When I first got into photography in 2001, all I wanted to do was make my digital photos look like film. Scratch that—I wanted to make my digital photos look "cool." I couldn't knowingly identify film from digital just by looking at an image. Back then I had no idea what other photographers were doing to achieve the look of their work. I had a digital camera and I had Photoshop, and I figured it was just a matter of putting the pieces together.
Over the course of the last decade or so, I've toyed with all sorts of digital processing methods. From black & white to cross-processed to the "Velvia" look; high contrast; color bleach-bypass; the "Anton Corbijn" look; wacky digital collages using clouds from one photo to add drama to another. I have a vague memory of hearing the term "HDR" and giving it a shot, but didn't like the results at all. At some point during all this exploration, I came to the inevitable conclusion that what I was looking for was a way to make my digital images look like they were shot on film. I downloaded various Photoshop actions and deconstructed them to figure out how they worked. Eventually I figured out the core of the various looks I was going for, made some actions of my own, and stopped exploring much in the way of what anyone else was doing.
What am I getting at, you ask? Well, all of this is a roundabout way of saying how impressed I am with what's been going on in the world outside my MacBook Pro over the past few years. That goes even more so for the latest preset package by Rebecca Lily.
Rebecca's Pro Set III Presets for Lightroom builds on her previous collections, offering photographers a way to enhance images straight out of the camera with just a few clicks. She doesn't claim to emulate any particular film emulsion; instead, she has created a variety of options to add—dare I say—a film feel to images, without being tethered to a preconceived idea of what Emulsion X is "supposed" to look like. The resulting collection of presets and tools are a joy to play around with.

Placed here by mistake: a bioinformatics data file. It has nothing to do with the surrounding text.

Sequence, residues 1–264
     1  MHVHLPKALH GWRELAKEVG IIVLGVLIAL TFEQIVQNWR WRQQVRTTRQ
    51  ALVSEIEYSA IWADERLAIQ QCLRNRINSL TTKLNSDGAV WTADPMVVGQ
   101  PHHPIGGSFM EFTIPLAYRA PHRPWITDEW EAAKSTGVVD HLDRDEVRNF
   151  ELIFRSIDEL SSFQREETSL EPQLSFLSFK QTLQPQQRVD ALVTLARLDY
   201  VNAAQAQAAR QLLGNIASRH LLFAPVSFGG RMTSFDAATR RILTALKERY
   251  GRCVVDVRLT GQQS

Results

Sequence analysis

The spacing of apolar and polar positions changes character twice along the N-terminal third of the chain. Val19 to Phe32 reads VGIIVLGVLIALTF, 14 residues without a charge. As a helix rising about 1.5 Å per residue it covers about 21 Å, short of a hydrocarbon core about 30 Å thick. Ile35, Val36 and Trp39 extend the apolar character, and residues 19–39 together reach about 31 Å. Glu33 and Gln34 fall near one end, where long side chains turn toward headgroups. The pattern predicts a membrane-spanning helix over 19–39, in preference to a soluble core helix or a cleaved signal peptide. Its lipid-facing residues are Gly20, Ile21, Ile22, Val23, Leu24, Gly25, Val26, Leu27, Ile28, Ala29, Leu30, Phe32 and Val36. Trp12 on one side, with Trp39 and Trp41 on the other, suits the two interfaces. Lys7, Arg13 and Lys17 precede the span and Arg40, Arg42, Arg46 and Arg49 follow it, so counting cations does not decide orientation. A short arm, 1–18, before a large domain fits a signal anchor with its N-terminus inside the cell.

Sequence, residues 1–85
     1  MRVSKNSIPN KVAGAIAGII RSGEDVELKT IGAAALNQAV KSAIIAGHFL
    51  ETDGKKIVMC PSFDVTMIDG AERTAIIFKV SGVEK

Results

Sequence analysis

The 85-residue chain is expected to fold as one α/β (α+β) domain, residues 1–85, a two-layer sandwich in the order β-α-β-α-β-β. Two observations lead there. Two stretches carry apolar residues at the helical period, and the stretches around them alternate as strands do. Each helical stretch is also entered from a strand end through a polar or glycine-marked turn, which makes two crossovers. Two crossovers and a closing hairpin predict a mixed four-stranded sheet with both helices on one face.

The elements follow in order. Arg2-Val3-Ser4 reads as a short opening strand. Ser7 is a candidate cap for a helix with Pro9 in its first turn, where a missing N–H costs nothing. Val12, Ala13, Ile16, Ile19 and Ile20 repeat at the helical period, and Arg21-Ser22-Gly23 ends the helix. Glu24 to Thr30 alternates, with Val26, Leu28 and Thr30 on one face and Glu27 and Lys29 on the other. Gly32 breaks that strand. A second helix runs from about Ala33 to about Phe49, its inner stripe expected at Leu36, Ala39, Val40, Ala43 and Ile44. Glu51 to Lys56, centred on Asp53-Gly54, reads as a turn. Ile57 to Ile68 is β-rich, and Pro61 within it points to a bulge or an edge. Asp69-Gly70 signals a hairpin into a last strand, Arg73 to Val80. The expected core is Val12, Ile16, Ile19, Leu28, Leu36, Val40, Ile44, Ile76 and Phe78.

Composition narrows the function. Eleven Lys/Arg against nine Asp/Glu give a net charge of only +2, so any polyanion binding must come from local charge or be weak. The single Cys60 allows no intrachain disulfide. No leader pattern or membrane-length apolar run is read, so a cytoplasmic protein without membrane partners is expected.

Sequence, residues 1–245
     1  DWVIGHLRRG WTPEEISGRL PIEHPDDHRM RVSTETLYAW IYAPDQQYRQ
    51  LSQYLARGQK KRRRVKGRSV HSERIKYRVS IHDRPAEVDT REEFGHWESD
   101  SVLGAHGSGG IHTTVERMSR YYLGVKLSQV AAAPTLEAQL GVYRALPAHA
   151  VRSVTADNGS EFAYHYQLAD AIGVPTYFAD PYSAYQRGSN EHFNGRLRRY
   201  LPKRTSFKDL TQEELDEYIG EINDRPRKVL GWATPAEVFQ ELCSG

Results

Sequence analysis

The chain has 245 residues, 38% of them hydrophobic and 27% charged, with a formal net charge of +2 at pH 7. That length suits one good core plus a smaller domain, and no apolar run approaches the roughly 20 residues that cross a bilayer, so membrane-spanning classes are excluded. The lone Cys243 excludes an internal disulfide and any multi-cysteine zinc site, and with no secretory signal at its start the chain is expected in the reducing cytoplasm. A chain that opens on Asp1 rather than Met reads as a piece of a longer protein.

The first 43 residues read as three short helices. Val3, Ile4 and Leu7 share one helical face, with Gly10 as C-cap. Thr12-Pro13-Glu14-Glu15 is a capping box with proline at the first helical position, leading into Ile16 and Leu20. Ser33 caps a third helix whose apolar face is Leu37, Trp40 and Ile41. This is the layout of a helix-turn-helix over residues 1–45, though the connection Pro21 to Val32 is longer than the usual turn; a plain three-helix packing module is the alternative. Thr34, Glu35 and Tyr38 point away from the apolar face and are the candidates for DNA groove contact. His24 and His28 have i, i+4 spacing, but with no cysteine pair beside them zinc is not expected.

Below you'll see some examples, including a few Before-and-After screenshots to give you some idea of the full effect. The majority of these have had no adjustments beyond exposure + white balance + preset, and adjustments outside of that have been minimal (a slight boost to clarity or shadows).
The presets used are indicated in the captions. I, II, & III simply indicate the strength of the effect. To quote Rebecca, each preset includes "a base or milder version, and an additional two versions that progressively strengthen the effect. This gives you the ability to choose the level of the effect for your image. The exceptions to this are the Tones and Kinfolk presets, which simply provide color variations over the three versions."
All images shot with a Fuji X100.
Having spent some time with these presets over the past couple of weeks, I'd have to say my favorites are the black and white presets (all of them), Kinfolk, and Filmic. The above selection of examples is far from complete; in total there are 27 presets (3 versions of each) plus 44 tools.
Oh, and for the film shooters out there who may have been wondering:
So if you're looking for some fun, new ways to spice up your images, I strongly encourage you to check out the presets offered by Rebecca. For more details, including more examples, head on over to Rebecca's product page. If you need some more convincing, check out the beautiful images she has on her website, Poems Without Words.